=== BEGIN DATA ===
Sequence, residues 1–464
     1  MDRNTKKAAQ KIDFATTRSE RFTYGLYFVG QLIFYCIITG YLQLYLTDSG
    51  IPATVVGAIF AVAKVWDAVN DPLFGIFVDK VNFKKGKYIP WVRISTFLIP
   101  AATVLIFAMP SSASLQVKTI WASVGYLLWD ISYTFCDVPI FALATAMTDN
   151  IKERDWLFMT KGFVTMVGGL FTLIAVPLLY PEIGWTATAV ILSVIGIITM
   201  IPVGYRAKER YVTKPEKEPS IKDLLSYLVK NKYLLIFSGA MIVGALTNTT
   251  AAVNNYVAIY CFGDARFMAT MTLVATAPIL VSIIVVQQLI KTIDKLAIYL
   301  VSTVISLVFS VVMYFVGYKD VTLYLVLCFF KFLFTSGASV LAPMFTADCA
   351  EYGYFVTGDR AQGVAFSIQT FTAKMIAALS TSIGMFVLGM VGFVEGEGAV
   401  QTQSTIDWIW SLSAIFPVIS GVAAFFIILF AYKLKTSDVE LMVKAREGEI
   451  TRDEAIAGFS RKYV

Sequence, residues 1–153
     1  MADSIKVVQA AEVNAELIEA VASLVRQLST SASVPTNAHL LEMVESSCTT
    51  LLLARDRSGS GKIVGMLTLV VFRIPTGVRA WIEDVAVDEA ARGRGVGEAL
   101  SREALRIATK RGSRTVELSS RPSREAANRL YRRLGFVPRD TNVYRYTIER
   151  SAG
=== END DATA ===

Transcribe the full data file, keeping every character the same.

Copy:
Sequence, residues 1–464
     1  MDRNTKKAAQ KIDFATTRSE RFTYGLYFVG QLIFYCIITG YLQLYLTDSG
    51  IPATVVGAIF AVAKVWDAVN DPLFGIFVDK VNFKKGKYIP WVRISTFLIP
   101  AATVLIFAMP SSASLQVKTI WASVGYLLWD ISYTFCDVPI FALATAMTDN
   151  IKERDWLFMT KGFVTMVGGL FTLIAVPLLY PEIGWTATAV ILSVIGIITM
   201  IPVGYRAKER YVTKPEKEPS IKDLLSYLVK NKYLLIFSGA MIVGALTNTT
   251  AAVNNYVAIY CFGDARFMAT MTLVATAPIL VSIIVVQQLI KTIDKLAIYL
   301  VSTVISLVFS VVMYFVGYKD VTLYLVLCFF KFLFTSGASV LAPMFTADCA
   351  EYGYFVTGDR AQGVAFSIQT FTAKMIAALS TSIGMFVLGM VGFVEGEGAV
   401  QTQSTIDWIW SLSAIFPVIS GVAAFFIILF AYKLKTSDVE LMVKAREGEI
   451  TRDEAIAGFS RKYV

Sequence, residues 1–153
     1  MADSIKVVQA AEVNAELIEA VASLVRQLST SASVPTNAHL LEMVESSCTT
    51  LLLARDRSGS GKIVGMLTLV VFRIPTGVRA WIEDVAVDEA ARGRGVGEAL
   101  SREALRIATK RGSRTVELSS RPSREAANRL YRRLGFVPRD TNVYRYTIER
   151  SAG